Maintenance and Repair

The maintenance requirements between the two different systems are similar but are simply a matter of quantity. Both systems need routine professional maintenance twice a year. Both systems will require attending to the air filter and cleaning it regularly. They’ll also need repairs when various components wear out.

A single-zone ductless system potentially has more than one outdoor unit, each requiring maintenance. If you have more than one single-zone system, that also means you have a compressor, fan, coil, and all of the ancillary components that go with each outdoor unit. With only one single-zone system, your maintenance and repairs are simple and straightforward.

Maintenance on a multi-zone system is a little different, in some ways more complex while simpler in others. You’ll likely only have one outside unit, with only one compressor, coil, and fan. However, you’ll have the indoor units to match each of the zones you have, up to eight per compressor unit. All of this acts as a single system, so your technician will only have to do many of their checks once. However, you will have multiple air handlers that will need cleaning, testing, and tightening. You’ll also have multiple condensate drain lines that will need inspection and cleaning.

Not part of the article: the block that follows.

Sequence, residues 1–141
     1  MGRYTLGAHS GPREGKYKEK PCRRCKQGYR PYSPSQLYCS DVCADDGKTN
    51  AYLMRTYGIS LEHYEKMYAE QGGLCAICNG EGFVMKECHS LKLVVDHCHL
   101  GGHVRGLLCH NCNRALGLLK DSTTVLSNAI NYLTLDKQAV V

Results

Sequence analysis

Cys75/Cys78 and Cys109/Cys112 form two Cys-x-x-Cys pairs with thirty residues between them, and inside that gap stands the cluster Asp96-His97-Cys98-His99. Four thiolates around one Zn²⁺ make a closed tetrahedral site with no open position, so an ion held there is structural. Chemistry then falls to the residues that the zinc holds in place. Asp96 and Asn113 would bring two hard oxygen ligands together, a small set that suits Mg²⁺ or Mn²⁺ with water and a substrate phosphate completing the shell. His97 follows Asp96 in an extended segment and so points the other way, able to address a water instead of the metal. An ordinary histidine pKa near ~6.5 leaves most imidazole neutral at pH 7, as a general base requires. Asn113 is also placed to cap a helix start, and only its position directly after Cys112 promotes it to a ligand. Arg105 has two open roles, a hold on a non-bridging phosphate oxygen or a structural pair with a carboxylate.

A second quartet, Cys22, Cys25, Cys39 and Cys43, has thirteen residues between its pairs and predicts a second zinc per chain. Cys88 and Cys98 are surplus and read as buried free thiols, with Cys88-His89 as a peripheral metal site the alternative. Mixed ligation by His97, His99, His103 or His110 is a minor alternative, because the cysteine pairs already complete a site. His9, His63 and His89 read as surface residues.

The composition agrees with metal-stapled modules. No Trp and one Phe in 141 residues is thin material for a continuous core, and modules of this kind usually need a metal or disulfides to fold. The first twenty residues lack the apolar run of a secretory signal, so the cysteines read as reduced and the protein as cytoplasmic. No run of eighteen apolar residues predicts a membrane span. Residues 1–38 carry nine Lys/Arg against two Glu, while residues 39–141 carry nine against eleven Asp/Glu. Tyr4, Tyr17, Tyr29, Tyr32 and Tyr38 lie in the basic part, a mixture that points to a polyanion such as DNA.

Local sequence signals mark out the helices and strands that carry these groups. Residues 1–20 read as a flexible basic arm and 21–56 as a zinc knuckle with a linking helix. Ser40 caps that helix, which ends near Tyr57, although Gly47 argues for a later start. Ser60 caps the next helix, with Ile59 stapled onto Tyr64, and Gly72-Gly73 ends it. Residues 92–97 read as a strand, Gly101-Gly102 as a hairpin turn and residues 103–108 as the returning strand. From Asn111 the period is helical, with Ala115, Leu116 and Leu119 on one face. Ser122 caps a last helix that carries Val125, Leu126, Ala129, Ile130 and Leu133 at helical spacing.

Energy Efficiency

Your system’s efficiency is a function of not only the rating of your unit but the total amount of energy it consumes. This is a key factor in determining whether to implement single-zone or multi-zone systems. One single-zone system will likely consume less power, so if that meets the need of your space, it will likely consume the least amount of energy.